Date of Award

Spring 2021

Document Type

Dissertation

Degree Name

Doctor of Philosophy (PhD)

Department

Molecular, Cellular, and Developmental Biology

First Advisor

Dimitrova, Nadya

Abstract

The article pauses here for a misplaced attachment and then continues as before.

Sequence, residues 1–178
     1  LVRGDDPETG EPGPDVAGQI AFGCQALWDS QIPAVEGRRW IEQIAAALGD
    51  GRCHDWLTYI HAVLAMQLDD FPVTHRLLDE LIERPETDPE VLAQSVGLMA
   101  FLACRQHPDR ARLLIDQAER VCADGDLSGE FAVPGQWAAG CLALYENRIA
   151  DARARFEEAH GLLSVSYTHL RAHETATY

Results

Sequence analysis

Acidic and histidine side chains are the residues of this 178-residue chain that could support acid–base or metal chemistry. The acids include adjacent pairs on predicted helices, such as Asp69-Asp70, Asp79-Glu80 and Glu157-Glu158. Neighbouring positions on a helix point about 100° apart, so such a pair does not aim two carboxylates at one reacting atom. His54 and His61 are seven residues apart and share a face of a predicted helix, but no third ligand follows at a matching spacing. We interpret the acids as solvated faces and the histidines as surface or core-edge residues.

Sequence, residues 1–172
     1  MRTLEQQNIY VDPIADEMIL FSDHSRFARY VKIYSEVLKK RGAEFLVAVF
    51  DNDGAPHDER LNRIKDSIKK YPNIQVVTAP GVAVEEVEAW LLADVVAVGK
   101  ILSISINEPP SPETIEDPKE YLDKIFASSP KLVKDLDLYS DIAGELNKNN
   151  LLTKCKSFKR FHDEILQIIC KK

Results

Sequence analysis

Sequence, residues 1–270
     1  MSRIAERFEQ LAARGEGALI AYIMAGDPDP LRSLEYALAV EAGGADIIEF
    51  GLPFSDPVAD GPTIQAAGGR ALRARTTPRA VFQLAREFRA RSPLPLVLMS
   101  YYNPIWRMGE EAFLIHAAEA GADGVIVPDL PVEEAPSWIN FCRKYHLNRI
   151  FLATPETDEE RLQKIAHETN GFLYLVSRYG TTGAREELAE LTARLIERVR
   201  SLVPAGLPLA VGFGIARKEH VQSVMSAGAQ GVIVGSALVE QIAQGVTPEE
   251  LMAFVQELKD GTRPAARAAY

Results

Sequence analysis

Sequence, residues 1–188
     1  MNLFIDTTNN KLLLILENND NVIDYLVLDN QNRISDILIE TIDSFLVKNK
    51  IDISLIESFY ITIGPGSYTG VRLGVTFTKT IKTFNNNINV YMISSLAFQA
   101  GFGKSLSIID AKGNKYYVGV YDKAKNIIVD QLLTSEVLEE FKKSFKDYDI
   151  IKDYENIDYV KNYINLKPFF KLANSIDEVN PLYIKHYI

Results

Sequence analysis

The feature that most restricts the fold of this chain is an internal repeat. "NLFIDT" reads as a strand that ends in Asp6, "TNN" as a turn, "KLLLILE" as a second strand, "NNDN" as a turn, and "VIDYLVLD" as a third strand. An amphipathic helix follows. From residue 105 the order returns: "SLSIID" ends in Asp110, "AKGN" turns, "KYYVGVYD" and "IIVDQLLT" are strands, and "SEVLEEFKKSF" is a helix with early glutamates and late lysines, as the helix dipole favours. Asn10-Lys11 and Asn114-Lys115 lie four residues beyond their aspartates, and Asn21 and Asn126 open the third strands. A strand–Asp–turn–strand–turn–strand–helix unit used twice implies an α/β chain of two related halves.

The tumor suppressor protein p53 plays a central role in sensing and responding to cellular stress, and loss of normal p53 activity is a feature of most human cancers. P53, functioning as a transcription factor, regulates a wide network of genes that coalesce to drive many diverse tumor suppressive cellular processes. Despite three decades of extensive study, it is unclear which p53 targets are most critical for these tumor suppressive functions and under which biological contexts. More recent studies have revealed that the p53 network is not solely comprised of protein coding genes but also includes many long noncoding RNAs (lncRNAs), which are an abundant but poorly characterized class of heterogenous RNA molecules. This work aimed to expand our understanding of the role of lncRNAs in the p53 transcriptional network and the importance of these diverse RNAs in various p53-regulated processes and/or tumor suppression.  We focused on characterizing the p53 response to stress generated by hyperactive oncogenes (i.e. oncogenic stress), which is an important but understudied facet of p53-mediated tumor suppression. By performing genome-wide analysis of p53 regulation across a panel of cancer cell lines established from a genetically-engineered mouse model of p53-driven lung adenocarcinoma, sarcoma, and lymphoma, we uncovered oncogenic stress-specific, tumor type-specific, and p53 outcome-specific patterns of p53 gene activation and repression, including the activation of several novel and previously described lncRNAs. We interrogated the contributions of many of these lncRNAs to p53 pathway function, using a number of locus-specific genetic and molecular approaches to down- or upregulate lncRNA expression in vitro. These characterization efforts revealed that local gene regulation, also known as cis-regulation, is the dominant mode of action for lncRNAs within the p53 network, in contrast to most previous reports on individual p53-regulated lncRNAs. We show that this regulation is largely in the positive direction, suggesting that lncRNAs do not significantly contribute to p53-mediated gene repression, and demonstrate that lncRNA cis-regulation can be important for p53-dependent growth arrest in certain tumor contexts. Altogether, this work provides novel insights into the p53 response across different cellular contexts and clarifies the contributions of lncRNAs to the p53 tumor suppressor network. Namely, we propose that lncRNAs primarily serve as an important fine-tuning regulatory mechanism. As such, this work has broader implications on the mechanisms by which lncRNAs as a class may influence other complex transcriptional networks important in human health and disease.

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